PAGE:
Key Takeaways from the Q2 2019 Private Capital Access Index
The latest Private Capital Access Index, published quarterly by Pepperdine Graziado Business School, was released recently, and with it came fresh insights into the minds of business owners. Covering companies that earn under $5 million in revenue annually, as well as those that raise between $5-100 million, the Index provides information on a wide range of business. Below are snapshots of some of the main points found within the report:
More Large Businesses Appear to be Looking for More Money
Businesses that earn between $5-100 million a year are seeking to raise more financing in 2019. Compared to 2018, many loan ranges have seen jumps: the amount of larger businesses seeking between $500,000-999,999 has over doubled in size to 39% and $1-1.999 million has more than tripled to 28%. However, outside of this range, desire has fallen for financing among larger firms.
Slight Fluctuations in How Quickly Customers Are Paying
The past year has witnessed some small changes in the speed at which businesses receive payments from their customers. With 15% of smaller businesses reporting accelerated reception of payments in the previous three months, an increase from the 11% that was stated this time last year, and an increase of 1% of larger businesses claiming a speed up, it seems at least that a small sector of fortunate vendors are benefitting from increasingly prompt customers.
Accompanying these figures are the reports of payments slowing down, that show a 2% increase amongst smaller companies and a drop to 10% from 23% for their larger counterparts. This jump is accounted for by the 81% of larger businesses which reported that the speed of payments remained the same, which is up from 70%; while the smaller firms reported 63%, down from 68% in 2018.
More Businesses Are Planning to Raise Finance
More businesses of all sizes are looking to raise capital in the coming six months compared to 2018, with 35% of small businesses and 28% of larger businesses claiming that they will be seeking financing, an increase of 5% for both. This news, coupled with the knowledge that the total number of businesses which said they will not be seeking finance dropped, may come as a gift to lenders and brokers, but it should be taken with a pinch of salt, as those who said they were unsure also rose by 4% to 35%.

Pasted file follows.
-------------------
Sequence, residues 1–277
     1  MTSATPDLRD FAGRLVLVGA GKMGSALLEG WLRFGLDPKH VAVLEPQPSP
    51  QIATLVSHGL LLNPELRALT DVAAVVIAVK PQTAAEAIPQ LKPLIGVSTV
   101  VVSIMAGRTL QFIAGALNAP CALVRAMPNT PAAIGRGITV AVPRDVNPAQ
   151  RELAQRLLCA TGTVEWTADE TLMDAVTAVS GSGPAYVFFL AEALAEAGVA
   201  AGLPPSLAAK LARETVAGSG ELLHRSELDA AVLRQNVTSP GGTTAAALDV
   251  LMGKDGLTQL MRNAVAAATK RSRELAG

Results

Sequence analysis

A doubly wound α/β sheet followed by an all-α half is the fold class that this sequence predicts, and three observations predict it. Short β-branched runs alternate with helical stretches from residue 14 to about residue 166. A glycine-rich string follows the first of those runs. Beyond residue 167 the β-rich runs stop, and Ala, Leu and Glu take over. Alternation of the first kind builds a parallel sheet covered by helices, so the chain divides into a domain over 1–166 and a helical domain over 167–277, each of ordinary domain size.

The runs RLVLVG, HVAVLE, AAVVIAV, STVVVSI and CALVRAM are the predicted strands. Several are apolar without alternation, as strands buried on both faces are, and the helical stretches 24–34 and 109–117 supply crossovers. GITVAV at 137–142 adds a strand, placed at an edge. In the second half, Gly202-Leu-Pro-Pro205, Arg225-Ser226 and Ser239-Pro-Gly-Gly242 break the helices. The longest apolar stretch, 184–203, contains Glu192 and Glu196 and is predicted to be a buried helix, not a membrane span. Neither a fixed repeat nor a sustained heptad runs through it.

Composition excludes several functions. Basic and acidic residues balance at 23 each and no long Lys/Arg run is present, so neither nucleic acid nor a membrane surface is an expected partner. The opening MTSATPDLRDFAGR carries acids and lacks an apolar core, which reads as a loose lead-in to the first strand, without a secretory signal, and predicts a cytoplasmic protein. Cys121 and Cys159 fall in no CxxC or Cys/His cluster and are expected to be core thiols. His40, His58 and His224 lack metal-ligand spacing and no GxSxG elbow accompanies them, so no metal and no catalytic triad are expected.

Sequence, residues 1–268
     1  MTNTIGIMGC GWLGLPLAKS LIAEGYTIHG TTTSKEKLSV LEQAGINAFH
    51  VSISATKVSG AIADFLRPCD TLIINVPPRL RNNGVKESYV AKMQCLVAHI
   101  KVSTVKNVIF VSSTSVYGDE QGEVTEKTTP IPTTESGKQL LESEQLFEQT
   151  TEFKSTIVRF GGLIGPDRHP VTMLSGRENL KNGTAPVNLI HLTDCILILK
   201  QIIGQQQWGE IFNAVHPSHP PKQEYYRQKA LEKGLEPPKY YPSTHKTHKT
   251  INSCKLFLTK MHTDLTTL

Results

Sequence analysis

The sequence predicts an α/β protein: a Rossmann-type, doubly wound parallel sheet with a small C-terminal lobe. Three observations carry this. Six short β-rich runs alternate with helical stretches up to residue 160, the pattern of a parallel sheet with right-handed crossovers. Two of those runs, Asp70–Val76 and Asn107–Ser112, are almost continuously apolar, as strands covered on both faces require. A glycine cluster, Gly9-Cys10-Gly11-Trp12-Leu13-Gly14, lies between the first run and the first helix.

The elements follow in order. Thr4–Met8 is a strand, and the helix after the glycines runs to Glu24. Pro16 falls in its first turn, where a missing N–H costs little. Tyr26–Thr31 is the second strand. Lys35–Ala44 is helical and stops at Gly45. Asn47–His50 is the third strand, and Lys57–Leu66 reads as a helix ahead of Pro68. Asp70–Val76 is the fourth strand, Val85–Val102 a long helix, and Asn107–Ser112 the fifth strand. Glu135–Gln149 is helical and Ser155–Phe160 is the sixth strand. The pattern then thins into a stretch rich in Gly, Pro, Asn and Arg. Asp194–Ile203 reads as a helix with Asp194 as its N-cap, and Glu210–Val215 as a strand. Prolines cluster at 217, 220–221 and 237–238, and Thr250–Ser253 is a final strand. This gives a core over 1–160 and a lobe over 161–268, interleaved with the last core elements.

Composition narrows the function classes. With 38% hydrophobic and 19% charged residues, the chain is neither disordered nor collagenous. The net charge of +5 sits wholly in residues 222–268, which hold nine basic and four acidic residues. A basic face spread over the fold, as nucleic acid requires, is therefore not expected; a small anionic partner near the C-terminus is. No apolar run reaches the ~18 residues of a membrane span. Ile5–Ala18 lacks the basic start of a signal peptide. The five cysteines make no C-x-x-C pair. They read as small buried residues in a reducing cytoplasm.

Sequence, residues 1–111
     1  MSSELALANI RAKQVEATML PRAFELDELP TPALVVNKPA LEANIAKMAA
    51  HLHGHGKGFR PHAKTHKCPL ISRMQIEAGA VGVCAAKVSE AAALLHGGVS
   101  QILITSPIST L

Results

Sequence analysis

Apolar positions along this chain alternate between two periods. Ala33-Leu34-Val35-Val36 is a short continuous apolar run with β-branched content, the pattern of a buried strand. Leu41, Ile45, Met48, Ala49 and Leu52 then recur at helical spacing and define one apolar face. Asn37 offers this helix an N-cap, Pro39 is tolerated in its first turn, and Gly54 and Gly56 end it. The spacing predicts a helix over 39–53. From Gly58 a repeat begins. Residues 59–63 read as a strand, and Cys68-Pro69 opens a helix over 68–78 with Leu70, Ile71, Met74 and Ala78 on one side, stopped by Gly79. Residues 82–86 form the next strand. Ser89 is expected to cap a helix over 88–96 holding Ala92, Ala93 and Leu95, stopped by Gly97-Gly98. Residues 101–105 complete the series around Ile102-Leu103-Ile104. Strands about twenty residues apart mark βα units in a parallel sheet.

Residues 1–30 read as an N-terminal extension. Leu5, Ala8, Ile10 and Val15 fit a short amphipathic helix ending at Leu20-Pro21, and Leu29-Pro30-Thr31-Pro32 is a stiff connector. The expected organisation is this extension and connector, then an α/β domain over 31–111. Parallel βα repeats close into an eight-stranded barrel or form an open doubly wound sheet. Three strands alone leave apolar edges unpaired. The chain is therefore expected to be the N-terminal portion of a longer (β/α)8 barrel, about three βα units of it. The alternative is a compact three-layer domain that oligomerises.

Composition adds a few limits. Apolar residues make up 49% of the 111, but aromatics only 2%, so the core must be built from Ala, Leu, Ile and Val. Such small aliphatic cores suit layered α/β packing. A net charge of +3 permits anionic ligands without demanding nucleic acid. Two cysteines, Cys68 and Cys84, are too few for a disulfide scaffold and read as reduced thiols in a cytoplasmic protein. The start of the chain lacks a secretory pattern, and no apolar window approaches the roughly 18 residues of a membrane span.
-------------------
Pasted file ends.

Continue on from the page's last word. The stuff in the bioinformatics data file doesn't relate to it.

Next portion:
Purposes for Raising Finance Remain Mostly Unchanged
Growth and expansion continue to be the primary reason for seeking finance, with an increase on last year from 58% for both the smaller and larger companies to 62% and 77%, respectively. As well as this, working capital fluctuations and refinancing existing loans/equity remain as the second and third highest reasons to raise funds, with the total of the former dropping 3% to 17% and the latter falling to 7% from 10%. Besides these motives, capital required to replace equipment or facilities unrelated to expansion saw a dip of 4% in larger businesses.
Businesses Are Optimistic
Despite over 50% of businesses saying that it is difficult to acquire both equity and debt finance, as well as 49% claiming that the current business financing environment restricts growth opportunities, businesses appear to be confident about the future, with 68% of them expecting increases in revenue over the next year. Also, respondents appear to be unconcerned by external forces, as 57% of businesses don’t believe the federal tax hike will impact them and 74% don’t expect to be hampered by severe weather from climate change. These may or may not prove to be naïve as time goes on, especially the latter, as 56% of the respondents do not have emergency funds in place should severe weather disrupt their business, but for now companies seem to be looking forward to the coming year.
The full report is available here.Last modified: July 17, 2019